Exploring solutions to our greatest health challenges
IHMRI affiliated researchers at the University of Wollongong and the Illawarra Shoalhaven Local Health District are actively working on a diverse range of projects to find solutions to our greatest health challenges.
The list below details projects that are currently supported by major funding bodies, such the National Health and Medical Research Council, grants on the Australian Competitive Grant register, as well as other smaller schemes.
Click on the project name for more details. The research projects are in alphabetical order. You can also search for particular phrases or topics by using the search function at the top of the page.
For a more simplified, non-scientific description of the work of IHMRI researchers, visit What we research.
Cannabidiol (CBD): A novel therapeutic for Alzheimer’s disease?
We found that CBD can prevent and reverse memory deficits in Alzheimer’s disease (AD) mice. This project aims to provide convincing preclinical evidence for the benefits of CBD for human AD therapy and to define mechanisms involved.View Project
Cannabidiol may protect the brain against the harmful effects of marijuana
This project will be the first comprehensive examination of the key question – can CBD protect against marijuana-related brain and psychosocial harms?View Project
Creation and Repair of Postreplicative DNA Gaps
An integrated strategy to attain an in-depth understanding of gap formation and repair, aimed at providing new avenues to slow tumor growth and bacterial antibiotic resistance.View Project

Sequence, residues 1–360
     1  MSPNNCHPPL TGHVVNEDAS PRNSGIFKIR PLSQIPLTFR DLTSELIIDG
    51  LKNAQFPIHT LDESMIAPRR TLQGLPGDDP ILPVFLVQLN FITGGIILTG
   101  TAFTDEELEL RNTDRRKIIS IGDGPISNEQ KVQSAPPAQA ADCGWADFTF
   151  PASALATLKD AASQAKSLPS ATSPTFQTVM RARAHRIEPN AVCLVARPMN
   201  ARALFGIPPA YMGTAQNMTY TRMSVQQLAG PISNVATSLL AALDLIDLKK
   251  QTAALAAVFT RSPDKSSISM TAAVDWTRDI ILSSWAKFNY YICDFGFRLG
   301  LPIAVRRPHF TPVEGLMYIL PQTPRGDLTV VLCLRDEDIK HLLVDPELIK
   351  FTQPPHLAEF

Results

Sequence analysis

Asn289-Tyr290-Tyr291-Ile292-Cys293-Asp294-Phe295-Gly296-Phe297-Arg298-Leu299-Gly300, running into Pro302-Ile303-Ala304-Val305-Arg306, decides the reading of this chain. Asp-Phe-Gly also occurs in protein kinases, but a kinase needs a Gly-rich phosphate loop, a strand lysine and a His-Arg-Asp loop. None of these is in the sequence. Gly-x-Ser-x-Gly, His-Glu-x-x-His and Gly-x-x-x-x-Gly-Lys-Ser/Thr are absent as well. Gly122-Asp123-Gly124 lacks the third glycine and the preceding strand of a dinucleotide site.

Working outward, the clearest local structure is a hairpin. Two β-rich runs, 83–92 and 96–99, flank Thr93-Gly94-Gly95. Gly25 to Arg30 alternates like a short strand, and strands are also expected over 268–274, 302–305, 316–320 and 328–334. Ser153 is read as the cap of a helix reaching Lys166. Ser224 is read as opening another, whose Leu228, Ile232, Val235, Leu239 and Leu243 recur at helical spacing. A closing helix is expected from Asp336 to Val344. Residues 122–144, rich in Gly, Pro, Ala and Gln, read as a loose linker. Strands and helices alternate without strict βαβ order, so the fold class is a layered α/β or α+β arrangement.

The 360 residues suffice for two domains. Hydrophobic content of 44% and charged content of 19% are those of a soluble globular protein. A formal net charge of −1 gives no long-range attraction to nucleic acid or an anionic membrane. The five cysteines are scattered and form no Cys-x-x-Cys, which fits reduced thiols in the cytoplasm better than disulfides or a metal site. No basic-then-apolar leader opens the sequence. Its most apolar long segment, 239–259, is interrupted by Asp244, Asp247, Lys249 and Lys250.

Cutaneous Squamous Cell Carcinoma: defining prognostic markers of metastasis
Professor Marie Ranson and Associate Professor Bruce Ashford were awarded this three year NHMRC Ideas Grant along with project partners, Associate Professor Ruta Gupta from Royal Prince Alfred Hospital and Associate Professor N Gopalakrishna Iyer from the National Cancer Centre in Singapore.View Project
Developing insight into the molecular origins of familial and sporadic frontotemporal dementia and amyotrophic lateral sclerosis
We aim to discover gene variants that cause, predispose, or modify onset and progression of inherited and sporadic frontotemporal dementia and amyotrophic lateral sclerosis, and validate and study our discoveries in new cell and animal models of these disorders.View Project
Development of radiation detectors to better understand ion interactions
Distinguished Professor Anatoly Rozenfeld, Professor Michael Lerch and Associate Professor Marco Petasecca were awarded this seven-year ARC Discovery Project in 2016.View Project
Discovering novel drug lead compounds for inflammatory bowel disease from Australian Aboriginal tropical medicinal plants
This project aims to discover novel drug leads from Aboriginal medicinal plants, which are currently used for treating inflammatory conditions by the Mbabaram community of the Atherton Tablelands.View Project
Do novel diets reshape wildlife microbiomes and resilience to stressors?
Dr Bethany Hoye was awarded this grant for two years to investigate how bacteria can assist wildlife in adapting to the accelerating threat of environmental change. Using an innovative, interdisciplinary approach this project expects to identify interactions between environmental change and the diet, microbial communities and stress resilience of wildlife, using the threatened Grey-headed flying fox as a model system.View Project
Does Omega-3 Supplementation Attenuate Aggressive Behaviour: A Multi-Centre Randomised Controlled Trial of a Broadly Disseminable Strategy
Professor Barbara Meyer, Professor Alison Jones and Associate Professor Mitch Byrne are working on this six-year NHMRC Partnership Grant awarded in 2016 with researchers from the University of South Australia, the University of Newcastle and the University of NSW.View Project
Efficacy of a 3-month aerobic exercise regime for restoring ‘brain health’ in heavy cannabis users
This study will build on extensive work to date and, for the first time, investigate whether a specific form of exercise will cause accelerated and beneficial changes in i) the brain and ii) the daily lives of heavy cannabis users.View Project